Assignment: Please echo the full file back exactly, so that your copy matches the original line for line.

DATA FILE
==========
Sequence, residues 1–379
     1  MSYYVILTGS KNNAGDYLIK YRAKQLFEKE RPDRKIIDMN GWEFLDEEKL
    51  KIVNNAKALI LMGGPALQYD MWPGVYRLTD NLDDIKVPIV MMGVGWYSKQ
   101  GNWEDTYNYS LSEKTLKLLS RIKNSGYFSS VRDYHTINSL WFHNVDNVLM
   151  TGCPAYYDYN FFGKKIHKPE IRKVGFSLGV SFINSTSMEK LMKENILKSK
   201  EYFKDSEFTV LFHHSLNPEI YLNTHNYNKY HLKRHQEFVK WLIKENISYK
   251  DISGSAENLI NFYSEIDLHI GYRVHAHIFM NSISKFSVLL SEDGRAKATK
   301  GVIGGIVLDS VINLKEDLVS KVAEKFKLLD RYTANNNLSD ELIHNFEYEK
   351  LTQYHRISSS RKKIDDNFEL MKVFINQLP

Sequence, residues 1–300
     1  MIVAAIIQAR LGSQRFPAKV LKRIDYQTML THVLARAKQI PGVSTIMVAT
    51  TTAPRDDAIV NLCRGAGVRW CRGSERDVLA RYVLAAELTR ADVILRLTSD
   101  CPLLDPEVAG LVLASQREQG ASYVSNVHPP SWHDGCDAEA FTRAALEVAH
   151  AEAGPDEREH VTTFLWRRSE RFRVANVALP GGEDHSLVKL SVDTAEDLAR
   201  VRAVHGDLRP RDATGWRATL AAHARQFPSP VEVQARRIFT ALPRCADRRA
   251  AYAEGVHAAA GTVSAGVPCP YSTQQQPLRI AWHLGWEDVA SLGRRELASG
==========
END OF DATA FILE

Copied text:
Sequence, residues 1–379
     1  MSYYVILTGS KNNAGDYLIK YRAKQLFEKE RPDRKIIDMN GWEFLDEEKL
    51  KIVNNAKALI LMGGPALQYD MWPGVYRLTD NLDDIKVPIV MMGVGWYSKQ
   101  GNWEDTYNYS LSEKTLKLLS RIKNSGYFSS VRDYHTINSL WFHNVDNVLM
   151  TGCPAYYDYN FFGKKIHKPE IRKVGFSLGV SFINSTSMEK LMKENILKSK
   201  EYFKDSEFTV LFHHSLNPEI YLNTHNYNKY HLKRHQEFVK WLIKENISYK
   251  DISGSAENLI NFYSEIDLHI GYRVHAHIFM NSISKFSVLL SEDGRAKATK
   301  GVIGGIVLDS VINLKEDLVS KVAEKFKLLD RYTANNNLSD ELIHNFEYEK
   351  LTQYHRISSS RKKIDDNFEL MKVFINQLP

Sequence, residues 1–300
     1  MIVAAIIQAR LGSQRFPAKV LKRIDYQTML THVLARAKQI PGVSTIMVAT
    51  TTAPRDDAIV NLCRGAGVRW CRGSERDVLA RYVLAAELTR ADVILRLTSD
   101  CPLLDPEVAG LVLASQREQG ASYVSNVHPP SWHDGCDAEA FTRAALEVAH
   151  AEAGPDEREH VTTFLWRRSE RFRVANVALP GGEDHSLVKL SVDTAEDLAR
   201  VRAVHGDLRP RDATGWRATL AAHARQFPSP VEVQARRIFT ALPRCADRRA
   251  AYAEGVHAAA GTVSAGVPCP YSTQQQPLRI AWHLGWEDVA SLGRRELASG